Excellence: The Beginning Of It All
In my previous article of this series, I wrote about Grit vs Talent: What’s The Difference and Why Does It Matter? has unravelled what sets apart high achievers and their counterparts and how they exude excellence effortlessly.
In this article, I would like to explain that although we’re all gifted with different talents, born with different genes and into different family backgrounds, these should never be the deciding factors of one’s success.
The journey to excellence is a road less travelled, and not many are resilient enough to stay on that path. But there’s always a small group of people who do, those are the ones who took the time to figure out their interests and stuck to them with deliberate practise. They are the grittier ones.
Defying all odds with Grit
Have you ever wondered how Chairmans, C.E.O.s, and Directors of a company get to where they are? What about those colleagues of yours who get yearly promotions, and exude nothing short of excellence? You can’t help but wonder out loud if you had half their brains, genes, support system or even their degrees…perhaps you might be in the same position.
There was a period of time when academic performance was the determining factor to what higher education one pursues and in return, which career they end up in. Parents with financial means were able to afford extra tuition and enhancement activities, providing their children with a head start in life, while the rest with less were placed at a disadvantage.
But, there were also countless stories of children who defied all odds despite their limited resources and poor living conditions, pushed through with grit and created something out of nought, the unwillingness to allow their circumstances to define their future. They changed their destiny.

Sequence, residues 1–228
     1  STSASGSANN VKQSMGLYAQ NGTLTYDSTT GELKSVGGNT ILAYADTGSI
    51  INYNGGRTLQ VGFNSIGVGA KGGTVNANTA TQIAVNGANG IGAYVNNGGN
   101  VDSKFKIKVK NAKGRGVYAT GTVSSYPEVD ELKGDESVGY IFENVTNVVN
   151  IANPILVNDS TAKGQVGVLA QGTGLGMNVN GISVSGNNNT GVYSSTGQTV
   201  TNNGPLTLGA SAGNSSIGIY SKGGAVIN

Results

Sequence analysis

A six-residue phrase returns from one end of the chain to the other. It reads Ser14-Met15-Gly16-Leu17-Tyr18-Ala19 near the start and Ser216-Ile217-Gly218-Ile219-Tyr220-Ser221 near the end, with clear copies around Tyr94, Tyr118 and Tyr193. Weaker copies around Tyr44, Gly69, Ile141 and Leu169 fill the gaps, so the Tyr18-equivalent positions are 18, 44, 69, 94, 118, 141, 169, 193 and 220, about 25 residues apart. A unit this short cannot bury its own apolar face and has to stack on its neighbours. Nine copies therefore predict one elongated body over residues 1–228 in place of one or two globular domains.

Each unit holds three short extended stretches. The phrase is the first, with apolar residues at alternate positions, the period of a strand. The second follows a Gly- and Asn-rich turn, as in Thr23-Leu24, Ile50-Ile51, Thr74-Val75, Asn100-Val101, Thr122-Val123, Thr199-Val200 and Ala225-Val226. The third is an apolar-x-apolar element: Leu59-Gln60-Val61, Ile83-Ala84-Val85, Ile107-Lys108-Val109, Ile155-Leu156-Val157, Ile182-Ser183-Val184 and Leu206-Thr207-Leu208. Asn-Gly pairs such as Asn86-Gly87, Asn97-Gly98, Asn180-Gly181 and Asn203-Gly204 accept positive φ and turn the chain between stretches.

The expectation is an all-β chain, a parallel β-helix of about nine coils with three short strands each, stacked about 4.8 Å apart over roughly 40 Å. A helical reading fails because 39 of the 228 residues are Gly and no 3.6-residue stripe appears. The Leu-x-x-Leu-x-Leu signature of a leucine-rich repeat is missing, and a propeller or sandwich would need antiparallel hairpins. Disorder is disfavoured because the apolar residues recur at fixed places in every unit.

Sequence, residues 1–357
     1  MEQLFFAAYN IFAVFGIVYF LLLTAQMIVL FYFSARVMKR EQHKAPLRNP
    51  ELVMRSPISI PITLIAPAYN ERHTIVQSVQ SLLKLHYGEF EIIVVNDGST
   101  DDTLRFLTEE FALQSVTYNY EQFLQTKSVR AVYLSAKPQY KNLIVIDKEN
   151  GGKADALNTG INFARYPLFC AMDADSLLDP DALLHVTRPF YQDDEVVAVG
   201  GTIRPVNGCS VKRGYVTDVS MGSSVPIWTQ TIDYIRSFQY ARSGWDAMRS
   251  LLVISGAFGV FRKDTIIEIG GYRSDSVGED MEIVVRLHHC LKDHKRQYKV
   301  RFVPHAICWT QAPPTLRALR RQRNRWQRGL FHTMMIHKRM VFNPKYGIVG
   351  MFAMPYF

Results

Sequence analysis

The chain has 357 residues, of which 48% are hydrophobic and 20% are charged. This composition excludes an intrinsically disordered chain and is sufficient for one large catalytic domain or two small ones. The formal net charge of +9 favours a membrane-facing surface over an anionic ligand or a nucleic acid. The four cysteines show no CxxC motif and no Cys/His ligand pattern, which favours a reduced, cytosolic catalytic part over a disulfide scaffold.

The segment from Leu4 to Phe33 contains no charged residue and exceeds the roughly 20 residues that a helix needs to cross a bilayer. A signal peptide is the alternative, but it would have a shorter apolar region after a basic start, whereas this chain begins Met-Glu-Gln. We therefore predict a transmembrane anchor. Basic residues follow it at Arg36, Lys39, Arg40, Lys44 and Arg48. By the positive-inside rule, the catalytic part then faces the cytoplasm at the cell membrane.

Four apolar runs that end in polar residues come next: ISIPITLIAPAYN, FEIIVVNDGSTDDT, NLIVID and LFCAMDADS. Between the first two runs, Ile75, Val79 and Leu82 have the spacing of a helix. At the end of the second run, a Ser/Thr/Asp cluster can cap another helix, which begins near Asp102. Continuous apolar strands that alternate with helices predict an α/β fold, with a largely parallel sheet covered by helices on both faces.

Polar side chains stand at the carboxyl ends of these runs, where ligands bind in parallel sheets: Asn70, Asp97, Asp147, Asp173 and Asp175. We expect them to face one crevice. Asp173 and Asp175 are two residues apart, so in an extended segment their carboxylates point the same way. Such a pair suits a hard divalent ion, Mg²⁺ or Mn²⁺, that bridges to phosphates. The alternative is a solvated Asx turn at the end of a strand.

Rewiring your mindset and changing your perspectives on how you perceive difficult circumstances and limitations determines the actions you’ll take.
Interest: How it all begins
Contrary to popular beliefs, personal interests do matter—it’s what starts your job search, and what you ultimately decide to settle for, it also influences how you perform on the job.
Not everyone has the luxury of choosing from an array of occupations. Circumstances prevent most from doing so, and the rest take what they can get just to get by. And while we may envy those who proclaim they love their jobs, we shouldn’t be too quick to assume they have started from a different place.
Here’s the thing: Interests are not discovered through soul-searching, instead, it’s sparked by interactions you make with the outside world.
Before hard work, comes play—it’s something fundamental that’s long forgotten. Long before committing to the ‘real deal’, you should go about experimenting and get your hands dirty in everything you find yourself drawn to because you’ll never know what you may find.
It is only through experimenting, you’ll eventually figure out the interest that sticks, and eliminate the ones that won’t. And when you decide on what you intend to pursue long-term, don’t be quick to abandon the pursuit that you chose to invest in.
Take a marriage commitment for example. After some time, romantic feelings between the couple eventually fade. But we both know that what keeps the marriage going is the effort invested by both parties that keeps it going.
Just like interest, it must be triggered over and over again, exercise patience to see it develop into something great and keep showing up. Because falling in love is one thing, sticking with it is another.